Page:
Islamabad, Pakistan — Black, green, hot, cold or spicy, tea is the fuel and lubricant for almost all social interactions in Pakistani society. Whether it’s celebrating a wedding, making a business deal, or simply relaxing with friends and family, Pakistanis do it with a cup of tea in hand.
It’s no wonder, then, that a government minister has sparked outrage by suggesting that Pakistanis could help tackle their country’s burgeoning international trade deficit by drinking less.
“I would like to ask the nation to reduce one or two cups of tea because the tea we import is also imported on credit,” Planning, Development and Reform Minister Ahsan Iqbal said.
Pakistan is the largest tea importer in the world. The country buys about $600 million a year, mostly from Kenya. On average, Pakistanis drink about three cups of tea a day.
Iqbal’s call for some austere tea from the nation sparked a backlash in the streets and online.
Pakistanis have been speaking out on various social media platforms, with many pointing to the lavish lifestyle of some politicians and government officials and saying their luxuries should first be sacrificed to save the country’s economy, rather than “the only leisure of a poor man”.
“Why should we reduce the use of tea?” asked Jan Mohammad, a truck driver who said in Pakistan Dawn newspaper that he drinks 15 to 20 cups a day. “We drink at our own expense, we don’t drink with government money. The government has increased spending. They travel in big cars, but we only enjoy tea.”
At a gas station in the capital Islamabad, Bilal Haseeb, a young lawyer, said most Pakistanis should not be forced to cut back on their tea consumption. He said he should, however, be banned from all government events and offices.
“I can’t even fill up my gas tank to go to work every morning, and now I’ll have to give up my breakfast too? Is that really fair?” He asked. “If civil servants spend less time offering tea at their meetings and receptions, their import bill will automatically be reduced.”
The real dilemma for Iqbal and the government he works for is the dire state of Pakistan’s economy. The country’s currency, the rupee, fell to a record low against the dollar on Wednesday, trading at 206 to the dollar.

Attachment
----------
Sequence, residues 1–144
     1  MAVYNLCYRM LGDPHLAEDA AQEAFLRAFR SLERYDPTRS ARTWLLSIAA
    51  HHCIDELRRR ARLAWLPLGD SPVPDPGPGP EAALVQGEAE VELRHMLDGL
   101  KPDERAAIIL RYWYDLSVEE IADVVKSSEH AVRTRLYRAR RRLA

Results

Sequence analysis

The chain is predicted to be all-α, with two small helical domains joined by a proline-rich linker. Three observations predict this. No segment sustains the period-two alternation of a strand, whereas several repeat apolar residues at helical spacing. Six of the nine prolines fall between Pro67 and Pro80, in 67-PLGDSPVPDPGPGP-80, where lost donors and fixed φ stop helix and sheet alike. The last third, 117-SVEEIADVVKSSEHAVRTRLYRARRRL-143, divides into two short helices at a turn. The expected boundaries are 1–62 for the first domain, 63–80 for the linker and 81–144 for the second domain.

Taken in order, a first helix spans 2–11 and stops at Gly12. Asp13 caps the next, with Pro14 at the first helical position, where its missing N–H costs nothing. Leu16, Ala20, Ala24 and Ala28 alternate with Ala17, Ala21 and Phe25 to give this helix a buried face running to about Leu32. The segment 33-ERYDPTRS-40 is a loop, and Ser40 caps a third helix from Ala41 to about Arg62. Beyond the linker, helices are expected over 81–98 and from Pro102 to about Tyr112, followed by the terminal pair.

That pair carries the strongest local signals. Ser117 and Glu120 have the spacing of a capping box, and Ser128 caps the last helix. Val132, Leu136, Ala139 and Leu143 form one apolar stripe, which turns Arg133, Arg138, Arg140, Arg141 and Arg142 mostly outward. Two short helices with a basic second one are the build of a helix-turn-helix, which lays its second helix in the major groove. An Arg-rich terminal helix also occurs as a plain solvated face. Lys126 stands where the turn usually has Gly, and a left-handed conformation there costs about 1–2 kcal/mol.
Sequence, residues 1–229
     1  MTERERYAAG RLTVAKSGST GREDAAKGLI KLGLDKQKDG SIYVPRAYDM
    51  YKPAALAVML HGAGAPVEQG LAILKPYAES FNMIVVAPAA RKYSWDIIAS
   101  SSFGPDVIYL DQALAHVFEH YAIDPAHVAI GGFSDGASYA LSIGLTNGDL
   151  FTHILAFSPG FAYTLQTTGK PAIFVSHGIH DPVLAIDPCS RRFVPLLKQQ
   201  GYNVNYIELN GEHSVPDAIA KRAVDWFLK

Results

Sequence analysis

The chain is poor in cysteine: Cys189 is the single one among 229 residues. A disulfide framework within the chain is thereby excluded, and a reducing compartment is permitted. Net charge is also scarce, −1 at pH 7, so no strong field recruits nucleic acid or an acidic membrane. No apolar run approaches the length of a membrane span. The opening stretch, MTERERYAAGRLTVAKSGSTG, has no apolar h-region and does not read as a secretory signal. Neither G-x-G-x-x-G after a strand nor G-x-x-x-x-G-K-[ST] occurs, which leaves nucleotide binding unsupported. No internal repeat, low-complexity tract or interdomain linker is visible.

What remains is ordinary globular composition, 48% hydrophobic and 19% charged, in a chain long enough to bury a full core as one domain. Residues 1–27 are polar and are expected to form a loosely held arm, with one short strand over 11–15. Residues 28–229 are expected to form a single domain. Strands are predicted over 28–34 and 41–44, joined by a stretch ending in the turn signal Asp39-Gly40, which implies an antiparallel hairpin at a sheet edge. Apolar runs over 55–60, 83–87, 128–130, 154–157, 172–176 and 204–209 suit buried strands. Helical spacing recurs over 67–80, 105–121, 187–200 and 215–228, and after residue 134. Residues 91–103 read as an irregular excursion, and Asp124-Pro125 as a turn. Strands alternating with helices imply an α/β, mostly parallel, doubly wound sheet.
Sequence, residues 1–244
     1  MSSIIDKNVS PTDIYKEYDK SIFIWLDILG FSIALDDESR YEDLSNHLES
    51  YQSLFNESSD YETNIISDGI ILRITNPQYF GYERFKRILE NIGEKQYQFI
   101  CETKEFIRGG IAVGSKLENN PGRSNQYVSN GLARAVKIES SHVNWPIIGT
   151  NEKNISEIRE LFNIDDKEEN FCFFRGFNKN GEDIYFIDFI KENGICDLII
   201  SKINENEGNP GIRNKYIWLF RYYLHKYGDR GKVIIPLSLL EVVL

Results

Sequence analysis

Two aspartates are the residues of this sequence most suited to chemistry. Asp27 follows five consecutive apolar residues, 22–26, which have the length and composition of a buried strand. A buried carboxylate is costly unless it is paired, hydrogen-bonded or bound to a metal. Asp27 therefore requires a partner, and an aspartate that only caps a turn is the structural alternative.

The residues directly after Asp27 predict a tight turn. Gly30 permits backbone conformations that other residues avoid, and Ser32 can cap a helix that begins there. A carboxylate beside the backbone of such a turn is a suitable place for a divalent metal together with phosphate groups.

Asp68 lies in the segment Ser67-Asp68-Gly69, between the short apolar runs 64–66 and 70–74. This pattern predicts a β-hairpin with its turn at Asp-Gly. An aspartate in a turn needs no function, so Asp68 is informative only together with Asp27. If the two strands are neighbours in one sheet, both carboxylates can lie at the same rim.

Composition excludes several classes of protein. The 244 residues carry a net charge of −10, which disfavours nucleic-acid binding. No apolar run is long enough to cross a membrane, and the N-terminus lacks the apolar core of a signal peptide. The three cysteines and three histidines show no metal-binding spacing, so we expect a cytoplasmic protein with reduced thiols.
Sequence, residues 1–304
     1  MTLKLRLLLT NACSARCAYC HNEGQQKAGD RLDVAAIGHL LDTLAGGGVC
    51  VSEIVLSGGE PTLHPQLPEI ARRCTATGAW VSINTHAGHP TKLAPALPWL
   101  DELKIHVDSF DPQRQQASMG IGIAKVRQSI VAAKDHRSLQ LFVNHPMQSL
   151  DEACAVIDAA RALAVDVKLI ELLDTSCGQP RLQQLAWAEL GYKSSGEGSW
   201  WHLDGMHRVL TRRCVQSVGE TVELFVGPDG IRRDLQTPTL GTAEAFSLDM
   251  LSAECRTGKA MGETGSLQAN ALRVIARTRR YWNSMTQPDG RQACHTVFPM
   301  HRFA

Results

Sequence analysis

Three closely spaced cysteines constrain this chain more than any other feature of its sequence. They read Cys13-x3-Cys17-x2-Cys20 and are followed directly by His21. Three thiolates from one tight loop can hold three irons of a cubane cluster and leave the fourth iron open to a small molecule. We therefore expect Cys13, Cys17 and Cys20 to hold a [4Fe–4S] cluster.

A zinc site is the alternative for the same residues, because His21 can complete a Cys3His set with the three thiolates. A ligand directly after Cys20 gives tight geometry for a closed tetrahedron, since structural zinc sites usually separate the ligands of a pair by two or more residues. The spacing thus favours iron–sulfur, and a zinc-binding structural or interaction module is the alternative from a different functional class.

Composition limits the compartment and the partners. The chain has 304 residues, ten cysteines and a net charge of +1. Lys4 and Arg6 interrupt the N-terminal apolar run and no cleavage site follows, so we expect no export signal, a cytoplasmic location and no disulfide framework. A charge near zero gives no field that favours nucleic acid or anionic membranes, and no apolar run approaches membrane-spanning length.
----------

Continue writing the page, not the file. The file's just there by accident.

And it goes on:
The government was forced to raise the prices of fuel, natural gas and electricity by up to 45%.
Pakistan’s foreign exchange reserves also fell in value, from around $16 billion in February to less than $10 billion in June, barely enough to cover two months of the country’s typical imports.
In May, Islamabad restricted the import of dozens of non-essential luxury items in a bid to protect national cash reserves. The government, led by new Prime Minister Shebaz Sharif, recently presented a $47 billion budget aimed at convincing the International Monetary Fund to relaunch a $6 billion economic rescue package. This aid was suspended earlier this year due to questions about Pakistan’s finances.
Iqbal is not the first politician to suggest that Pakistanis reduce their consumption of staple foods to help their country through the economic crisis. Riaz Fatyana, an MP from the previous ruling party, has sparked anger by proposing that Pakistanis eat less flatbread to reduce consumption of flour, much of which is also imported.
The government he worked for was later removed from office after a vote of no confidence in its leaders.